6) The Columbus Egg. After the magnificence of Asurbanipal II we return to frugality, in this case with Iberian roots. More than a meal it was a culinary demonstration, comparable perhaps in our days to those that are sometimes seen in Madrid Fusión. What is clear is that the way Columbus had to put an egg on its feet demonstrated, among other things, that sometimes the most complex a priori purpose can be carried out in the simplest way, a concept that high kitchen He has known how to use as he deserves.
7) The most alcoholic funeral. In the ancient Greek civilization, it was traditional for funerals to be completed by a good banquet, especially if the deceased was a king. And what king has been, is, and will be more king than King Midas himself? The monarch who ruled Phrygia (present-day Turkey) in the XNUMXth century BC He wanted to close his existence with a monumental agape in which alcohol, in the form of wine and mead, was one of the great protagonists.
In fact, in the excavations carried out in 1957, three enormous 125-liter cauldrons were found that contained a mixture of wine and mead, as well as 100 bronze cups, indicating that each guest at the funeral racked at least 3,5 liters of alcohol. The researchers also believe that the funeral menu included goat, lamb and lentil stew. With funerals like that, baptisms are removed.
8) A romantic dinner of 15 million euros. Love moves mountains, they say. We do not know if this is true, but it certainly does seem that the sentiment most sung by poets and minstrels of all time is capable of motivating good agapes. One of the best known is the one that offered Cleopatra a Marco Antonio Back in the XNUMXst century BC, after they both fell passionately in love.
Apparently driven by passion The Egyptian queen bet on Marco Antonio that he was able to dispatch with his lover a dinner of ten million sesterces, which, according to historians, would be around 15 million euros today. Marco Antonio accepted the challenge.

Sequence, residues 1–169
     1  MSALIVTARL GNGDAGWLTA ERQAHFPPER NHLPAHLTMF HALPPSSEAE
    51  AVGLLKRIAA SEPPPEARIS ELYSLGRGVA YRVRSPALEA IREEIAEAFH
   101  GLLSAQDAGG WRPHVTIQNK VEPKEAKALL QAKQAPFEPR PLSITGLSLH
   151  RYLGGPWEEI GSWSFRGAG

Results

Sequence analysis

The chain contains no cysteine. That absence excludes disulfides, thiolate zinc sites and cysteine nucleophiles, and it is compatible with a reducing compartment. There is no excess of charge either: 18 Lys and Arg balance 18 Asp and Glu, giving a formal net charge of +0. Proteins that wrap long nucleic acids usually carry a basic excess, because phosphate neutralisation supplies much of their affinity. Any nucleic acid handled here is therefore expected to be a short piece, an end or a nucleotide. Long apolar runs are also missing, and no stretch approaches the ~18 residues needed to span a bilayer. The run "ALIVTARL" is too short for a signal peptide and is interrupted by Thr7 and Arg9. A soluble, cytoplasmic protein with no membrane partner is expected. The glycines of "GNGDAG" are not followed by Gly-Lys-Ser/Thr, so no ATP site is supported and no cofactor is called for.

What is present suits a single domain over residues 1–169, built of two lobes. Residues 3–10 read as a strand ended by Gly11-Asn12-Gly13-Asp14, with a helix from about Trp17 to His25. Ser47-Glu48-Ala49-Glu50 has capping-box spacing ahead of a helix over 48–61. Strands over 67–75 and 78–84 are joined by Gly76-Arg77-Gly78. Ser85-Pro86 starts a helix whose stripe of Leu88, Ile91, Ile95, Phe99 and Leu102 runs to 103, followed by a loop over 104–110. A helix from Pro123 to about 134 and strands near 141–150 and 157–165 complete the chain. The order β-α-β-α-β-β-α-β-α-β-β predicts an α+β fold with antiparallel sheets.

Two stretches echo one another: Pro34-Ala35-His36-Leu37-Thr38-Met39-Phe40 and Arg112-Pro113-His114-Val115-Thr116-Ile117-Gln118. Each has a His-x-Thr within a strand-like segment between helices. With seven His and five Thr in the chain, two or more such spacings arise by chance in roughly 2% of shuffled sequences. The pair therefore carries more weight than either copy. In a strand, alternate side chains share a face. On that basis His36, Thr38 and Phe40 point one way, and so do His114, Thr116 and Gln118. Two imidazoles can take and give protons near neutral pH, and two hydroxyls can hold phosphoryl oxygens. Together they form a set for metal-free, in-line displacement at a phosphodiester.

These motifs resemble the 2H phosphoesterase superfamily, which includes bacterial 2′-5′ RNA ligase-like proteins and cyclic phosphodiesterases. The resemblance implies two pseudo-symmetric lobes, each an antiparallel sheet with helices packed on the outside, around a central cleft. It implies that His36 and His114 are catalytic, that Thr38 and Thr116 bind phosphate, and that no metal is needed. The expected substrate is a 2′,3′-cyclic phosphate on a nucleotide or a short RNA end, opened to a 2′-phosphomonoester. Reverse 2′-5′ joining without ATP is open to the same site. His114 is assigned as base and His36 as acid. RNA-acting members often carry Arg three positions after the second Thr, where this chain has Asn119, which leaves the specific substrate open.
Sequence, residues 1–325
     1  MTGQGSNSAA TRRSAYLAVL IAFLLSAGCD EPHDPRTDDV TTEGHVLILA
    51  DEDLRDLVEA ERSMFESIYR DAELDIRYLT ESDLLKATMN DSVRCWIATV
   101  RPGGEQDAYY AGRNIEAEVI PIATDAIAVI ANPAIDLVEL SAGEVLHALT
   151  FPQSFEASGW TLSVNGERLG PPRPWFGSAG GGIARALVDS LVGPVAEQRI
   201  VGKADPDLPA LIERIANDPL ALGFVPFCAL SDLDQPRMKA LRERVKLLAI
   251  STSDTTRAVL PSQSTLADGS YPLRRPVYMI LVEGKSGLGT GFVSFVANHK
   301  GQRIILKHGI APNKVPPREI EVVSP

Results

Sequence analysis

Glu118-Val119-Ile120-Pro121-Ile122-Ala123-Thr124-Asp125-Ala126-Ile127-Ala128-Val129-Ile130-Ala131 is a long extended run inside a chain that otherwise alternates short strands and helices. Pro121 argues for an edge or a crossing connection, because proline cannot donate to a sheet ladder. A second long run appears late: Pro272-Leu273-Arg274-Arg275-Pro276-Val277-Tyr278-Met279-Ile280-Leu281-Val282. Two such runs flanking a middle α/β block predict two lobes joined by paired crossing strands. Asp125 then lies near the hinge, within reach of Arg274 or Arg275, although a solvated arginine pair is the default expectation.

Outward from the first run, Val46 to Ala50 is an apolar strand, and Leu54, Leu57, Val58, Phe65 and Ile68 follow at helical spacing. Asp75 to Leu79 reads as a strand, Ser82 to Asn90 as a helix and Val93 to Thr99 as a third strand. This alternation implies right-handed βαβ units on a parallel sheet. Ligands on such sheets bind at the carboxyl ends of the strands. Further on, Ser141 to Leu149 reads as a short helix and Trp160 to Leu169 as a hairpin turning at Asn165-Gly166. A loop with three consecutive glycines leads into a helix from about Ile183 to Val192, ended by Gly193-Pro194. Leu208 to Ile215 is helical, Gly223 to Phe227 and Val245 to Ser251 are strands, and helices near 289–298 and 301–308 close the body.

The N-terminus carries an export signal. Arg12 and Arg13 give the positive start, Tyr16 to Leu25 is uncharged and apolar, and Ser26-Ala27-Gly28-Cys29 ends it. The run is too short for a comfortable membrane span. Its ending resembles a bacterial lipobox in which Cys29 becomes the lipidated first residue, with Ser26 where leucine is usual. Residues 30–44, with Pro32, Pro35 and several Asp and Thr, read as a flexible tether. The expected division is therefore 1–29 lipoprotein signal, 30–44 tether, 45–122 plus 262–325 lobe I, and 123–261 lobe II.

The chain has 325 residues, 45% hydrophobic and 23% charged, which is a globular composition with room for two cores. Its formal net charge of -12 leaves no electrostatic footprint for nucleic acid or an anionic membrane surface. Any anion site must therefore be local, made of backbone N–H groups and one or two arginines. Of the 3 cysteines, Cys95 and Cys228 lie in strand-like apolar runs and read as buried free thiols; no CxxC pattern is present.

Apparently dinner was nothing to write home about, but the surprise came with dessert. Cleopatra wore two thick pearls around five million sesterces each around her neck, in the opinion of a certain Planco, chosen as judge for the challenge. Then, Cleopatra put one of them into a glass with vinegar, which caused its dissolution, and immediately afterwards she threw it in the throat. When he was going to do the same with the second, Marco Antonio gave up.
9) The oldest slaughter. It is true that the Cave of Altamira, the best expression of rock art that has survived to this day, does not represent a banquet. If we include it in this list, it is because it reflects precisely the anteroom of one of the oldest agapes of which we have reference, although indirectly. Can it be doubted that the bison hunting scene that is so beautifully painted on the ceiling of Altamira, dated 15.000 years ago, was not followed by a meat feast that shook the mystery among our prehistoric ancestors? Is it possible to disconnect the emotion of the moment of hunting or fishing from the moment in which the collected piece ends up in our jaws?
10) First diner in space. It is known that, although the Americans were the first to reach the Moon, the first successes in the space race fell on the Soviet side. Thus, if Yuri Gagarin was the first man to orbit the globe and go out into space, his compatriot German Titov, who flew on August 6, 1961 aboard Vostok 2, was the first man to eat outside of our beloved Earth.. Laying the foundation for his companions in the future, Titov's menu was rather frugal, and consisted of a vegetable cream, a can of liver paste and redcurrant juice.
The commitment to light food has since then remained the general trend beyond our atmosphere and thus, despite all that the space adventure has advanced in recent decades, it is still to come the one that puts between his chest and back a good roast suckling burgalés (for example); surely in that case the problems with the absence of gravity would be minor.
Original article: Gastronomic news.
Author: León Prieto. August 27, 2019